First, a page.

Drill instructors will be yelling at Marines in computer labs as well as on the training grounds soon.
The Marine Corps is in the process of making cyber hygiene a requirement for Marines who join the service in the future.
“Right now we have a culture program that we are building. It’s still pretty nascent, but in reality it’s probably starting about 20 percent right now, but with the new deputy commandant for information we hope to grow that and take it from beyond the commander’s courses and introduce it at all levels with Training and Education Command from pretty much when you stand on the yellow footprints all the way up,” U.S. Marine Corps Forces Cyberspace Executive Director Gregg Kendrick said during an Oct. 3 speech during an AFCEA event in Arlington, Virginia.
The goal is to continually instill cyber best practices in Marines from the time they shave their heads in boot camp to the moment they leave the service.
“In reality it’s more the simple ‘What can you do on a cyber hygiene side of the house?’ It’s changing passwords, it’s network security, it’s understanding what the actual real risk is and the threat to the network and making sure you clearly delineate before the nonsecure side of the house, don’t use personal email for business,” Kendrick told Federal News Radio after the speech.
Those habits are especially important as the government has seen phishing and social engineering attacks as one of the main reasons for cyber vulnerabilities.
The Marine Corps is already instilling cyber training in some of its employees. The Marines started with commander’s courses and senior executive entry level courses as places to start cyber hygiene training. Those lessons were focused on a higher level regarding what commanders can do about their networks.
The Marine Corps is currently working with Training and Education Command on incorporating cyber training in the Marine schoolhouses.
“For the School of Advanced Warfare or Marine Corps University we have sent instructors down to be able to teach at Marine Corps Command and Staff [College] for a small period of time, but eventually the service needs to be able to pick that up and inculcate it into the standard training regiment,” Kendrick said.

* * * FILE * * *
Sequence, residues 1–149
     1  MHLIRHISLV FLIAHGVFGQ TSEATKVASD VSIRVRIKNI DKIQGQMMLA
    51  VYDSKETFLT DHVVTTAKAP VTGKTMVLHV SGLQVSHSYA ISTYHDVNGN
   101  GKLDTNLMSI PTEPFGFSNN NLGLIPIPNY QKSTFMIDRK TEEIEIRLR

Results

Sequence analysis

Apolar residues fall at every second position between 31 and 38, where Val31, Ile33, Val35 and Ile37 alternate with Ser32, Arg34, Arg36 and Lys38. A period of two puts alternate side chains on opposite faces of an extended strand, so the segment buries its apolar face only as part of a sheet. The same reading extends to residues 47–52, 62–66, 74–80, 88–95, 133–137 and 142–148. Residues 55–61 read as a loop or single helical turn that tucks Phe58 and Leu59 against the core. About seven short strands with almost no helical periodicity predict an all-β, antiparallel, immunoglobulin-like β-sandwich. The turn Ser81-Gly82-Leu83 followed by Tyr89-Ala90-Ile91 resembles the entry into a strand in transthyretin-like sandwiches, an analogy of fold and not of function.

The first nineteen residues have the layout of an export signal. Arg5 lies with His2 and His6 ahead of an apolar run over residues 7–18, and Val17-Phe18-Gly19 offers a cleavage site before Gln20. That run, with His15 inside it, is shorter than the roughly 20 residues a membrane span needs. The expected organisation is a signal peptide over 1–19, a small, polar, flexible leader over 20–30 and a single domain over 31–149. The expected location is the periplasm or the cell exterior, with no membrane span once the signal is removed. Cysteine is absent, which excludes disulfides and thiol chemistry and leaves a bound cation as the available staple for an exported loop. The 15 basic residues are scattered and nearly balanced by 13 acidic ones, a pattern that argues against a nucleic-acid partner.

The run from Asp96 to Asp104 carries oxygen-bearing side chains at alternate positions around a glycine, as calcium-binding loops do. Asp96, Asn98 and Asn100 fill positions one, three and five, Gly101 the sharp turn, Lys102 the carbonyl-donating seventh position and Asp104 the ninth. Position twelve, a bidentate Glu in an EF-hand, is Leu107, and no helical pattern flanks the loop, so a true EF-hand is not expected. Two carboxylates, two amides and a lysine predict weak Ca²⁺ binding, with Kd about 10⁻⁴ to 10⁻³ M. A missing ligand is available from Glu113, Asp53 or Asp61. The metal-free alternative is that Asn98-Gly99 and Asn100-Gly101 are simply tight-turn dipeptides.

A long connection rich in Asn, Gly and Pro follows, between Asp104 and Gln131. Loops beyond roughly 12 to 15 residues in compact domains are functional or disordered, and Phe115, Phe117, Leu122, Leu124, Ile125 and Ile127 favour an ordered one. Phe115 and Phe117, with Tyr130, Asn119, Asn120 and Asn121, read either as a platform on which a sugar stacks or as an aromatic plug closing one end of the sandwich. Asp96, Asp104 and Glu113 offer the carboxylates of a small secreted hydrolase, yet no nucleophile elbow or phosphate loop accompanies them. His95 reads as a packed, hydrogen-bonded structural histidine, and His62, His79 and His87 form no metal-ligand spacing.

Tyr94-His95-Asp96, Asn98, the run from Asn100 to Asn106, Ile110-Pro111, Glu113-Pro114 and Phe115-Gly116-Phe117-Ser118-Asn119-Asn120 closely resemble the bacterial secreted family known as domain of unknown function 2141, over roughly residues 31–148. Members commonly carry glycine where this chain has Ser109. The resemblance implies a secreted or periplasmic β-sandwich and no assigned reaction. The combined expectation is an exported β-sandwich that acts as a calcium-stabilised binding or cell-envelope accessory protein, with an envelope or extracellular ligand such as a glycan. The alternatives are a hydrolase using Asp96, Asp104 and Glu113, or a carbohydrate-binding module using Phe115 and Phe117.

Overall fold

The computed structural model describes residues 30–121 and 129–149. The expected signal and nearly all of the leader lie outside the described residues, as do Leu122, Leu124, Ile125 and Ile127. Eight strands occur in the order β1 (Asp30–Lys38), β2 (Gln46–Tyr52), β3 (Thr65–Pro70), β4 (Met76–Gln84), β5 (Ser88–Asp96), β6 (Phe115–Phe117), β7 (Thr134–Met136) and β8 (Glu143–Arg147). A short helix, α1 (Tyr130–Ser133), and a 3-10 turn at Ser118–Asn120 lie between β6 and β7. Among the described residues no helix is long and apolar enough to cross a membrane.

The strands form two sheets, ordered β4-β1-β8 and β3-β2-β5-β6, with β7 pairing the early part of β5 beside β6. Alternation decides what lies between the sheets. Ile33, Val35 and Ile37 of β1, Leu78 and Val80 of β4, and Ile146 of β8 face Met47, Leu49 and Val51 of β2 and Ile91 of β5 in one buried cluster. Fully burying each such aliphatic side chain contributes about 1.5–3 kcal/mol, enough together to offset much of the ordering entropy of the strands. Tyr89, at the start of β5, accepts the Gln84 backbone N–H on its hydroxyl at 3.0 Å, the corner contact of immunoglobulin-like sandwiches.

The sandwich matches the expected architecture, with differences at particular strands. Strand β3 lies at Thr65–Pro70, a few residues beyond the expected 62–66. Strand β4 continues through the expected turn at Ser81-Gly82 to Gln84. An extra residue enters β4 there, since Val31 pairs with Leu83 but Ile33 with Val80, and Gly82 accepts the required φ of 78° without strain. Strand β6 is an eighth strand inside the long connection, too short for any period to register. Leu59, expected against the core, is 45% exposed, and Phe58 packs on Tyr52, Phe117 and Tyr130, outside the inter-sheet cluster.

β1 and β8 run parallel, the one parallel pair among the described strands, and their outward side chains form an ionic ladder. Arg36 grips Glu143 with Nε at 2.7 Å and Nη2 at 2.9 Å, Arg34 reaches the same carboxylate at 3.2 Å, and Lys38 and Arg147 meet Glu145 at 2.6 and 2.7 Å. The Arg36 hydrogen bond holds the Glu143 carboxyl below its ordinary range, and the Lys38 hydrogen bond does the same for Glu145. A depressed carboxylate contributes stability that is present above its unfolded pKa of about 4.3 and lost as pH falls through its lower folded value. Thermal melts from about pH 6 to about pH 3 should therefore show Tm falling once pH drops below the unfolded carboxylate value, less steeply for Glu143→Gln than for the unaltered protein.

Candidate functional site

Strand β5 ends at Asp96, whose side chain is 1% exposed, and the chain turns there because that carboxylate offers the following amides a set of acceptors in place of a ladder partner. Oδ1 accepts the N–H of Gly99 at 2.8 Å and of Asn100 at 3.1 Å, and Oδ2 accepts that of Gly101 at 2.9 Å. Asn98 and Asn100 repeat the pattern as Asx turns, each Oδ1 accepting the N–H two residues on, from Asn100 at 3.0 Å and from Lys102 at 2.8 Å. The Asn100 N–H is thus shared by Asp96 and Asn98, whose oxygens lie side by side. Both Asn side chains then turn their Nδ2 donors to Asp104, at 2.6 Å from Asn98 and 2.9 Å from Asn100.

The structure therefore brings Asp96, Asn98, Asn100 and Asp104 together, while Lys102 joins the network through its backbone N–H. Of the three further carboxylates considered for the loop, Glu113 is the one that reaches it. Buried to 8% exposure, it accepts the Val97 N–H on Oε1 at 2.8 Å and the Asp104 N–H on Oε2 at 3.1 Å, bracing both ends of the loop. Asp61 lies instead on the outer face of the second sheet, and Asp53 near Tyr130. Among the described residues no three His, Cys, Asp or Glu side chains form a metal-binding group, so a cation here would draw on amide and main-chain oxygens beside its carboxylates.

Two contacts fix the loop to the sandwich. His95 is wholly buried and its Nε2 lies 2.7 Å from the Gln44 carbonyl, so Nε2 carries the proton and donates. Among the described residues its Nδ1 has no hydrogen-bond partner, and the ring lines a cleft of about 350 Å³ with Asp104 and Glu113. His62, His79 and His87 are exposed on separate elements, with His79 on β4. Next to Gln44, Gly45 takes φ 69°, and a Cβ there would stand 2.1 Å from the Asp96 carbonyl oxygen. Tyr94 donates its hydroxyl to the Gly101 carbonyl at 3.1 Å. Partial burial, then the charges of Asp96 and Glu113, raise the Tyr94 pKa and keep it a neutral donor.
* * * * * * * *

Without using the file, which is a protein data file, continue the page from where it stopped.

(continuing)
The possibilities for the future of cyber training in the Marine Corps are ever changing, however. While the new enlistees of today may not have certain cyber skills, the ones 10 or 20 years from now may have a completely different grasp on cyber concepts because they have been using the internet at an earlier age and learning best practices in school, Kendrick said.
“The military would just be an extension of that training,” Kendrick said. “I see a more avatar based and probably gamification [of cyber training]. You can start to win points and you can win your badges and you move forward in a deliberate and successive manner. You will come back and do the assessment to make sure you don’t forget the entry 101 training, but it’s kind of like when you get to calculus. You understand statistics and you understand finite math so you can build up to there, but calculus is still using statistics and finite math so you want to be able to continue to take that next education level across the board.”
While the Marines are trying to bolster cyber skills in the military, it’s also trying to hire talented cyber trained civilians.
MARFORCYBER is using new authorities to hiring “several hundred” new civilian cyber experts of different skills sets and levels, Kendrick said.
The program gives DoD broad new authorities to create a new pay and personnel system outside of the Title 5 regime that governs most of the federal workforce as part of the 2016 Defense authorization bill, believing DoD needed more flexibility to hire and fire personnel so that it could attract and retain the best and brightest. The law gives the department something close to carte blanche to create the new Cyber Excepted Service, so long as the department keeps Congress posted on what it’s up to.
“We are going to jump into the Cyber Excepted Service in January with two feet and move out very aggressively to meet the commandant’s needs and the joint warfighter’s need,” Kendrick said. “About one third of our cyber mission force and our command are civilians.”
The Marines are putting an emphasis on apprentice roles in the Cyber Excepted Service.
“The apprentice role is someone who has the technical skill set coming out of school, maybe some on the job training and they want to serve their country or they want to do public service. They would come in for three to five years and they learn what the service is about, they’d see the operational tempo and the use of skill set. They would bring energy and desire and then nascent skill sets, school training, they would gain experience, gain additional insight to a different skill set or different tool sets,” Kendrick said.
Apprentices then can grow to journeymen or masters, which are higher levels in the service. Members of the Cyber Excepted Service also have the opportunity to go into the private sector and come back into the public sector at the same or a higher position.